Download this Paper Open PDF in Browser

Risk, Race, & Recidivism: Predictive Bias and Disparate Impact

55 Pages Posted: 8 Nov 2015 Last revised: 15 Jun 2016

Jennifer L. Skeem

University of California, Berkeley

Christopher T. Lowenkamp

Government of the United States of America - Administrative Office of the U.S. Courts

Date Written: June 14, 2016

Abstract

One way to unwind mass incarceration without compromising public safety is to use risk assessment instruments in sentencing and corrections. Although these instruments figure prominently in current reforms, critics argue that benefits in crime control will be offset by an adverse effect on racial minorities. Based on a sample of 34,794 federal offenders, we examine the relationships among race, risk assessment (the Post Conviction Risk Assessment [PCRA]), and future arrest. First, application of well-established principles of psychological science revealed little evidence of test bias for the PCRA — the instrument strongly predicts arrest for both Black and White offenders and a given score has essentially the same meaning — i.e., same probability of recidivism — across groups. Second, Black offenders obtain higher average PCRA scores than White offenders (d= 0.34; 13.5% non-overlap in groups’ scores), so some applications could create disparate impact. Third, most (66%) of the racial difference in PCRA scores is attributable to criminal history — which is already embedded in sentencing guidelines. Finally, criminal history is not a proxy for race, but instead mediates the relationship between race and future arrest . Data are more helpful than rhetoric, if the goal is to improve practice at this opportune moment in history.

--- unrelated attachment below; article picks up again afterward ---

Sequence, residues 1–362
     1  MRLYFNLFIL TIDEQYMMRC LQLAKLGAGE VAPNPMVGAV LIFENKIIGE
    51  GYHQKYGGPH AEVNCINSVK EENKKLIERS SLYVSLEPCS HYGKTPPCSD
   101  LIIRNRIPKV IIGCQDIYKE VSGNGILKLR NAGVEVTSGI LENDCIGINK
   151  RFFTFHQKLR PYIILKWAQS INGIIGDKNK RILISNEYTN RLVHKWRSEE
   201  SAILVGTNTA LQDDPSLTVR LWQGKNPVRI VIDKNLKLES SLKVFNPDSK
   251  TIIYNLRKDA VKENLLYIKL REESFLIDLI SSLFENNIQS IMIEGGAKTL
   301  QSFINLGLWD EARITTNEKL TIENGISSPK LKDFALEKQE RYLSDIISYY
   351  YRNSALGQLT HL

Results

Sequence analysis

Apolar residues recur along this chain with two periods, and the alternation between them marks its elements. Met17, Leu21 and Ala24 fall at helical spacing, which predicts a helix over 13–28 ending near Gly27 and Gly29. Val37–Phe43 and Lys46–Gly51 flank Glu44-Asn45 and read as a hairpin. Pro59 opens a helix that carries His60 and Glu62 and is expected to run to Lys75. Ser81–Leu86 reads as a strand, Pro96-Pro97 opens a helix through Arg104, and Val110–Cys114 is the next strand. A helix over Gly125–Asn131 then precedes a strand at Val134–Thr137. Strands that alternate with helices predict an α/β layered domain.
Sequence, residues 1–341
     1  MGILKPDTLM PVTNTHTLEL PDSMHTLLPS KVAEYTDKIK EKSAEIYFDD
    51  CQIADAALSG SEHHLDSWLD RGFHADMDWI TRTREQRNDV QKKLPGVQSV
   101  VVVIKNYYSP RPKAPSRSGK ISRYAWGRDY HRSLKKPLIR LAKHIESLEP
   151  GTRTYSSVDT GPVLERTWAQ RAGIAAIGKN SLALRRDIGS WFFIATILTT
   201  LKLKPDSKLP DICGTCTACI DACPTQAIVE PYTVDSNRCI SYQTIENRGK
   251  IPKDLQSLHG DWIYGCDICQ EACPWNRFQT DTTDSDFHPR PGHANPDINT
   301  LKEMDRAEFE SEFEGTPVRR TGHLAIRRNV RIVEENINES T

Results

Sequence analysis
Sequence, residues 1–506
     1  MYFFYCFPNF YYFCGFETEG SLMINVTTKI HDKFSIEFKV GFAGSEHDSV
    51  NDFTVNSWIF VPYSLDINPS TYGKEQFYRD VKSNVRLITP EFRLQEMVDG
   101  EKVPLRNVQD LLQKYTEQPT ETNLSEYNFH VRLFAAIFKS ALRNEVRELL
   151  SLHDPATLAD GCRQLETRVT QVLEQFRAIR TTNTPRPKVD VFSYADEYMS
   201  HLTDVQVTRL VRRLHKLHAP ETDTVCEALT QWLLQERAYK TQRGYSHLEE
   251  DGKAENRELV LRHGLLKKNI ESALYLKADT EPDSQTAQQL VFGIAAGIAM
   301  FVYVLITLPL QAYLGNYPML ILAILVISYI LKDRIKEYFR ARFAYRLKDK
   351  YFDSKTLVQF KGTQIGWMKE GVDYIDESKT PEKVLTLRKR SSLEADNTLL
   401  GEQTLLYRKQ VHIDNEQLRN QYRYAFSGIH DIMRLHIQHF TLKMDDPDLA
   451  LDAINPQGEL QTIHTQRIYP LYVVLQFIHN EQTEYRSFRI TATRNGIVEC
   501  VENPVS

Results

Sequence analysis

Keywords: risk assessment, race, test bias, disparities, sentencing

Suggested Citation

Skeem, Jennifer L. and Lowenkamp, Christopher T., Risk, Race, & Recidivism: Predictive Bias and Disparate Impact (June 14, 2016). Available at SSRN: https://ssrn.com/abstract=2687339 or http://dx.doi.org/10.2139/ssrn.2687339

Jennifer L. Skeem (Contact Author)

University of California, Berkeley ( email )

120 Haviland Hall
Berkeley, CA 94720-7400
United States

Christopher T. Lowenkamp

Government of the United States of America - Administrative Office of the U.S. Courts

One Columbus Circle N.E.
Washington, DC 20544
United States

Paper statistics

Downloads
1,733
Rank
7,373
Abstract Views
7,169